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ETF Blog For 9/15: The Market Is Setting Up For A Break

|Includes: BBH, IAI, iShares Transportation Average ETF (IYT), PJP, RTH, TAN

Market Moving News (Summary of 15 Articles)

Consumers are spending. Retail sales jumped 0.6% in August after a rise of 0.3% the month before. The weekly ICSC Goldman store sales reported the year-on-year rate at 4.0% vs 4.8% in the prior week. Redbook's latest same-store sales comparisons are mixed, showing no change in the year-on-year rate, at plus 4.9% in the September 6 week, but a slowing gain for the September-to-August outlook, now at a thin plus 0.2% vs 0.7% in the prior week.

Consumer credit jumped an outsized $26.0 billion in July on top of an upward revised $18.8 billion jump in June. Revolving credit, the component that tracks credit cards was, up $5.4 billion vs a $1.8 billion gain in June. Non-revolving credit from vehicle financing was strong, up $20.6 billion in July vs a $17.0 billion gain in June.

Inflation remains tame. Import prices fell 0.9% in August but were skewed by a 4.4% fall in petroleum products. Excluding petroleum, import prices edged 0.1% lower. Export prices fell 0.5% in the month for a year-on-year rate of plus 0.4%. Excluding agricultural products, prices fell 0.3% for a year-on-year rate of plus 0.5%.

Housing data are weak. MBA's composite mortgage application index fell 7.2% in the week with the refinancing component down 11.0% and the purchase component down 3.0% in a short holiday week. The year-on-year rate steady in the week at minus 12%. The average 30-year mortgage rate for conforming loans ($417,000 or less) rose 2 basis points to 4.27%.

Jobs are steady. The JOLTS report cited 4.673 million job openings on the last business day of July, little changed from June's 4.675 million. The hires rate (3.5%) and the separations rate (3.3%) were unchanged. Within separations, the quits rate (1.8%) and the layoffs and discharges rate (1.2%) were unchanged.

Initial claims rose 11,000 in the September 6 week to 315,000, pulling up the 4-week average slightly to a 304,000 level that is 8,000 above the month-ago comparison. Continuing claims show a 9,000 rise in the August 30 week to 2.487 million. The 4-week average is trending slightly lower, down 15,000 in the week to a recovery low level of 2.499 million.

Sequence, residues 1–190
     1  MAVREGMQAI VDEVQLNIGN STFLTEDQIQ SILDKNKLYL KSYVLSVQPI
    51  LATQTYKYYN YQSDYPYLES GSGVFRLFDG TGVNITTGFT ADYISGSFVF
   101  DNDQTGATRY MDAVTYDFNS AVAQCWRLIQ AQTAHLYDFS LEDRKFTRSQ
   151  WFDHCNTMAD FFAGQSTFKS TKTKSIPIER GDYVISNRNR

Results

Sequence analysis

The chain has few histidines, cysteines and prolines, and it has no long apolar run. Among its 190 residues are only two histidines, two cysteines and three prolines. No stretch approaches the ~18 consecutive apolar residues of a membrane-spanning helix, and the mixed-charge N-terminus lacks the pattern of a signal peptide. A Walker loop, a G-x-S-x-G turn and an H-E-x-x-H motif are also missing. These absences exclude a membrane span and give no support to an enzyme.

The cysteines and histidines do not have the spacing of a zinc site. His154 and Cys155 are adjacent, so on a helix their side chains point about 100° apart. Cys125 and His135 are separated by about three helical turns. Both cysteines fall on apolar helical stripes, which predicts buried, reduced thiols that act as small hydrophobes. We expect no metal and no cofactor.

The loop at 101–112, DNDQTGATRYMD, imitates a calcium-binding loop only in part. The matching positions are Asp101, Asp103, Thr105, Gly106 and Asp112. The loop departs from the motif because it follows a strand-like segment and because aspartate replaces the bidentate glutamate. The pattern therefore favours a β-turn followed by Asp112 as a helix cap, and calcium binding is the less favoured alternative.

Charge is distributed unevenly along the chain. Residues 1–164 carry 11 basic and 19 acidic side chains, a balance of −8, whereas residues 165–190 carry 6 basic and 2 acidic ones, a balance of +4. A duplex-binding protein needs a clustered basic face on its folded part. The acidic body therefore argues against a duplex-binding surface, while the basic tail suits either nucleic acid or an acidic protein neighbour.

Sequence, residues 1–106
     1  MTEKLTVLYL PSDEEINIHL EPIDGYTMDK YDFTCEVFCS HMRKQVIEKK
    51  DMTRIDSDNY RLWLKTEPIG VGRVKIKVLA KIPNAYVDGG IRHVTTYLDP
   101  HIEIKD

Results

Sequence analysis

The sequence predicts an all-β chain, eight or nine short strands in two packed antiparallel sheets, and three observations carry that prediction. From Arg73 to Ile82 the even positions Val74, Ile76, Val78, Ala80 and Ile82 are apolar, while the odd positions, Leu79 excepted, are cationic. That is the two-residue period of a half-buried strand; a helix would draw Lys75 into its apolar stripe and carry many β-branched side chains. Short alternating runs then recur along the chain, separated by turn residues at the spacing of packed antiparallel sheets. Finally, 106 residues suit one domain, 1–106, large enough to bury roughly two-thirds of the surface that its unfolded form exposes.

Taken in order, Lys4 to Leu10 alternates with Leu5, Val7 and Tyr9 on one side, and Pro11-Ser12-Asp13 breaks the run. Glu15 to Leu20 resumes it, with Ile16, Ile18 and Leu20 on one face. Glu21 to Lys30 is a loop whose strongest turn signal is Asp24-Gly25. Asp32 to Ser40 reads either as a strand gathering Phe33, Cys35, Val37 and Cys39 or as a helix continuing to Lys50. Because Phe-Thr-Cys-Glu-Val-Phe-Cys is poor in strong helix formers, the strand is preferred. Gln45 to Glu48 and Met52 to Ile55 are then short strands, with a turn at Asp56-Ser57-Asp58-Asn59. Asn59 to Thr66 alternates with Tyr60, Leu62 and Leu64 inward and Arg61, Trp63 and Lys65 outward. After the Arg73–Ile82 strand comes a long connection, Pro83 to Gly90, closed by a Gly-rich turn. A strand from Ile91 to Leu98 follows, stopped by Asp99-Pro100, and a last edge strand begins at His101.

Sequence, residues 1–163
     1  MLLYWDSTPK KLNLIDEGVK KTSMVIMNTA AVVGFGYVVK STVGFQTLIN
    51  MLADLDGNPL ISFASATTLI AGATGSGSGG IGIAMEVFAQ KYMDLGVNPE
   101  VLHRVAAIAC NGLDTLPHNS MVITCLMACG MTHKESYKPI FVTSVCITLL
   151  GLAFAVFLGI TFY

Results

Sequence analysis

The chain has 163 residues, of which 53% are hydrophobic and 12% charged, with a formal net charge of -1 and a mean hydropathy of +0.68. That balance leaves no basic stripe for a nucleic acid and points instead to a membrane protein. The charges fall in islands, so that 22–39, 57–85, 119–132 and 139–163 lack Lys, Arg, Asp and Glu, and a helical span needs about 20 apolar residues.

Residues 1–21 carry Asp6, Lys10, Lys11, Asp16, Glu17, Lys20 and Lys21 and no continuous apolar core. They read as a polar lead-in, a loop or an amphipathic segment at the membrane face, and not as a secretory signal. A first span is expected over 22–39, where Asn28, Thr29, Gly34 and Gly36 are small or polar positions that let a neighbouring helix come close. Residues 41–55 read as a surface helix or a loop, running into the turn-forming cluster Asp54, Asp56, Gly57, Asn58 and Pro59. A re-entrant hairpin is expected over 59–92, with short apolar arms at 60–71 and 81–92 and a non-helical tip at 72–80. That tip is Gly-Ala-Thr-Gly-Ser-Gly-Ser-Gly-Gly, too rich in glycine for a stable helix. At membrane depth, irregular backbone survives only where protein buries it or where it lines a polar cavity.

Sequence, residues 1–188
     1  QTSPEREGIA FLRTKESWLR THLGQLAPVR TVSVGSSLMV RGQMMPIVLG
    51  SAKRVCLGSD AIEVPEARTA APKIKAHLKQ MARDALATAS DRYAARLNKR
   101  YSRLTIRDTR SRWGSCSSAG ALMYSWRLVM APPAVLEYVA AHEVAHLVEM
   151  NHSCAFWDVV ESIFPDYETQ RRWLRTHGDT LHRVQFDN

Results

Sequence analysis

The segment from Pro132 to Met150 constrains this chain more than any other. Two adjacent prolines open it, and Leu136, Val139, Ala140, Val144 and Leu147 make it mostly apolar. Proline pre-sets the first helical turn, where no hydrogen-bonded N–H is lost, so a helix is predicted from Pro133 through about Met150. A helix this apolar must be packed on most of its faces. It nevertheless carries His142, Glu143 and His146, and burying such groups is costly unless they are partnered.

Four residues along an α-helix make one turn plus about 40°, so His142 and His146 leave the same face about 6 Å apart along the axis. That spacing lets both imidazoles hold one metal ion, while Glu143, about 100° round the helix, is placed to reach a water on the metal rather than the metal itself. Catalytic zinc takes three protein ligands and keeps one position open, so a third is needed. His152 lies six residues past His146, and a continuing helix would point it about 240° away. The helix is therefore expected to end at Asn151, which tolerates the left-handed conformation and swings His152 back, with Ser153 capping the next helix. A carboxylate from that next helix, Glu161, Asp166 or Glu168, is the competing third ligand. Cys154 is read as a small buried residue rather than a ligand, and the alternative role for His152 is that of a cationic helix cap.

Overall sentiment is more negative. The Small Business Optimism report index is up 0.4 points to a recovery high of 96.1. Those saying now is a good time to expand fell 1 point to 9.

The Bloomberg Consumer Comfort Index declined to 36.5 in the period ended September 7, the worst reading since the beginning of August, from 37.7 the week before, with numbers falling in four of seven income brackets. A gauge of Americans' views on the current state of the economy fell to 25.3 last week from 26.7 in the previous period. A gauge of the buying climate, which shows whether this is a good time to purchase goods and services, decreased to a 10-week low of 31.2 from 32.1.

The Consumer Sentiment Report rose rise this month, climbing to 84.6 vs a final August reading of 82.5 and a mid-month August reading of 79.2. The gain, however, is centered in the expectations, not current conditions, which slipped to 98.5 vs 99.8 in August final.

Note the gradual rise in the VIX and volatility in the chart. This corresponds with the more volatile, falling market in the SPY chart below, and the anxiety creeping into the sentiment measures.

The Market (S&P 500)

The SPY chart resembles a classic cup-and-handle formation, except that the cup has a "V" shape. Note also the "pinching" of the Bollinger bands. A Bollinger pinch is a fairly reliable of a coming big move; however the indicator does not specify direction. In theory, the cup-and-handle pattern is bullish, because the handle indicates reluctance to sell, creating a shortage of available shares at higher prices. When the market (or individual stock) gets good news, share prices move sharply higher.


Small caps are displaying a much broader cup & handle pattern along with a Bollinger pinch, indicating that they might be the leaders in a new rising trend.

Core Sectors

The core sectors show a bifurcated market, with five sectors higher than small caps (IWM) and four below. The lower sectors experienced a sharp break, led by energy (NYSEARCA:XLE), and followed by real estate (NYSEARCA:IYR). Emerging markets (NYSEARCA:EEM) show a more gradual loss of strength. The strongest sectors are healthcare (NYSEARCA:XLV), transportation (BATS:IYT) and retail (NYSEARCA:RTH).

Best Relative Strength

The Nasdaq 100 (NASDAQ:QQQ) has been stronger than IWM recently, so again our reference is QQQ. The list of buy candidates by relative strength are solar (TAN, note the volatility), biotech (NYSEARCA:BBH), pharmaceuticals (NYSE:PJP), transportation (IYT), retail (RTH), and brokers (NYSEARCA:IAI). Note the recent surge in IAI.

Trades Last Week




Conclusion and Action

My strategy is to buy and hold QQQ and ETF's that are stronger, with stops one to two ATR's below the current price. When buying in, however, I wait for a strong breakout and follow initially with a tighter stop. If the breakout doesn't fail, then I maintain the stop at the second ATR, or second support level.

The relative strength charts look much better than the individual ETF charts, many of which are declining, as is QQQ. The candidates for purchase need to show breakouts to new highs before I would buy them. Specifically, breakout prices are IYT >154, RTH>63.7>, PJP>63.6, TAN>46, IAI>40.18, BBH>107.

Have a great week!

Disclosure: The author is long AGNC, BBH, IAI, IHF, PJP, QQQ, TAN, XLK, XLV.